soil

Soil Moistures for Soil Biota Distribution Experiment

Abstract: 

Investigation of the variation in soil biota and soil properties across the McMurdo Dry Valleys was part of the McMurdo Dry Valleys Long Term Ecological Research (LTER) project.  The moisture content of soil samples collected for organism extraction and identification was determined.
 
 The study began in the austral summer of 1993/1994. Samples were taken on:
  
  * December 31, 1993
  * January 3, 8, 10 and 13, 1994,
  * December 12 and 22, 1994,
  * January 6 and 9, 1995,
  * November 1, 8, 16 and 27, 1995,
  * December 5 and 7, 1995, and
  * January 12, 1998. 
 

Core Areas: 

Dataset ID: 

235

Associated Personnel: 

578
579
580
581

Methods: 

  At each site 5-25 soil samples were taken for organism enumeration and moisture content analysis as follows:  Sampling bags were prepared with one sterile 'Whirlpak' bag and clean plastic scoop per sample.  The location of the sampling was recorded each year so that areas were not re-sampled.  Using the plastic scoop, soil was collected to a 10 cm depth.  Very large rocks (>20 mm diameter) were excluded from the sample.  The soil was shoveled into the 'Whirlpak' bag until three quarters full (about 1.5 kg soil).  The soil was mixed well in the bag, then the bag was closed tightly, expelling as much air as possible.  The soil samples were stored in a cooler for
transportation.  On return to the laboratory (within 8 hours of sampling), the soils were stored at +5 degrees C until further processing.  
 
In the laboratory, soil samples were handled in a laminar flow hood to prevent contamination.  The Whirlpak bags of soil were mixed thoroughly prior to opening. Approximately 200cm3 of soil was placed in a pre-weighed 800mL plastic beaker. Rocks greater than 3-4mm in diameter were removed from the sample.  A sub-sample of approximately 50g was removed and placed in a pre-weighed aluminum dish, and weighed on a balance accurate to 0.01g.  This sample was dried at 105 degrees C for 24 hours.  The sample was removed, placed in a desiccator to cool down, and re-weighed.  These data were used to calculate water content of the soil and to express data as numbers of soil organisms per unit dry weight of soil.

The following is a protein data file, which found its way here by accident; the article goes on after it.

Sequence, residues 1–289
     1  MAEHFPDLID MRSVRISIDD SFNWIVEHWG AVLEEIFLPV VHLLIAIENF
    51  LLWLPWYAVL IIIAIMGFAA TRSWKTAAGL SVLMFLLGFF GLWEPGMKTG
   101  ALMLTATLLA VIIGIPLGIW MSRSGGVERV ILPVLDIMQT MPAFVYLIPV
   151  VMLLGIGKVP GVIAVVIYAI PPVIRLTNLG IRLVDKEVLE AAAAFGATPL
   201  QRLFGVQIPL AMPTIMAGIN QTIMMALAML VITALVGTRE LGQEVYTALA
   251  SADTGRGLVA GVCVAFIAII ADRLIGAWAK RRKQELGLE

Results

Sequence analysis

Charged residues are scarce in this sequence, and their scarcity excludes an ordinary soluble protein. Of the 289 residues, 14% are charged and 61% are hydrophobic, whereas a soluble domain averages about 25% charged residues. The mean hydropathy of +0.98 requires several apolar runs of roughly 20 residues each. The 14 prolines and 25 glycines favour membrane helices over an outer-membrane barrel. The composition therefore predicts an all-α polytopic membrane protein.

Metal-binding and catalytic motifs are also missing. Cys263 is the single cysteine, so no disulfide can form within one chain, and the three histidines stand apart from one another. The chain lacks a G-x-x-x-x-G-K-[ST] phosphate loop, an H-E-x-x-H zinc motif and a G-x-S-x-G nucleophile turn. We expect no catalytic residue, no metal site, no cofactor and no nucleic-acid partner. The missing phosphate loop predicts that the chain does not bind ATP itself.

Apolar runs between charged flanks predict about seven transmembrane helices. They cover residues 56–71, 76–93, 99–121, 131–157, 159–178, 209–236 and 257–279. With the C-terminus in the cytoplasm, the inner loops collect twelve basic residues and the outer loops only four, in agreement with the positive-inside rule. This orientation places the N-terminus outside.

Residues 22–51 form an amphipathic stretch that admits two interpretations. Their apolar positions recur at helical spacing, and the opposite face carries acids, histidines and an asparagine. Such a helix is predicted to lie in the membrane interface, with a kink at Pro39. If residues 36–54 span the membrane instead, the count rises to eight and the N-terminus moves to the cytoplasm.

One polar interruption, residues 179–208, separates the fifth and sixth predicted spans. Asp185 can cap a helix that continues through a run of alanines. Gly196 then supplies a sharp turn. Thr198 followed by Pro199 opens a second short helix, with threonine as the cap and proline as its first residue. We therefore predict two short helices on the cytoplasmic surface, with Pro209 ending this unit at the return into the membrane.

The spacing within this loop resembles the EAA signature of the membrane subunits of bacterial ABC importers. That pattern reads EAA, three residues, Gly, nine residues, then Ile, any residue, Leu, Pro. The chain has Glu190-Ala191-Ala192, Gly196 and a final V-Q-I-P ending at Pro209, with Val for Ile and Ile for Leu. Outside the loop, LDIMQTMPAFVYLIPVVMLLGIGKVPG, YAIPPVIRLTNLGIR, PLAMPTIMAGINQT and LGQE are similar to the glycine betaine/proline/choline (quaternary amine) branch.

Data sources: 

gsso

Maintenance: 

in 2016, this dataset was packaged and completed to meet best practices for preservation (San Gil: Added geo-metadata, personnel.  Prepared in ISO, EML) 
 
This file was created by Mark St. John at Colorado State University in Oct-1998, using raw data from the Excel workbooks '9312gsso.raw', '9412gsso.raw', '9511gsso.raw', and '9801gsso.raw'. The file format was suggested by the LTER data manager, to conform with the relational database structure. On 30-Oct-1998, the file was submitted to Denise Steigerwald, the MCM LTER data manager, located at INSTAAR, University of Colorado.
            
            Upon arrival at INSTAAR, the data manager combined the 4 data files, removed columns for latitude and longitude, and updated the location names to match those provided in the "soil measurement locations" file (from which latitude and longitude can be found). The resulting file was reformatted to present in ascii, comma delimited text and MS-DOS text (table layout) on the MCM LTER web site. Both of these files are linked to this web page above.
            
            On 28-Oct-1998, Andy Parsons discovered an error in the documentation of the storage temperature used for the soil samples collected. He informed the data manager of this error, resulting in an update from -8C to +5C in the methods portion of the page above.
            
            On 10-Nov-1998 Denise Steigerwald discovered a typo in the date shown for Cape Royds records represented in the 9312gsso file. Information colleced on 31-Dec-1993 showed a date of 31-Dec-1994. Denise revised these records in the Access database as well as the comma delimited text and MS-DOS text files on the web. 

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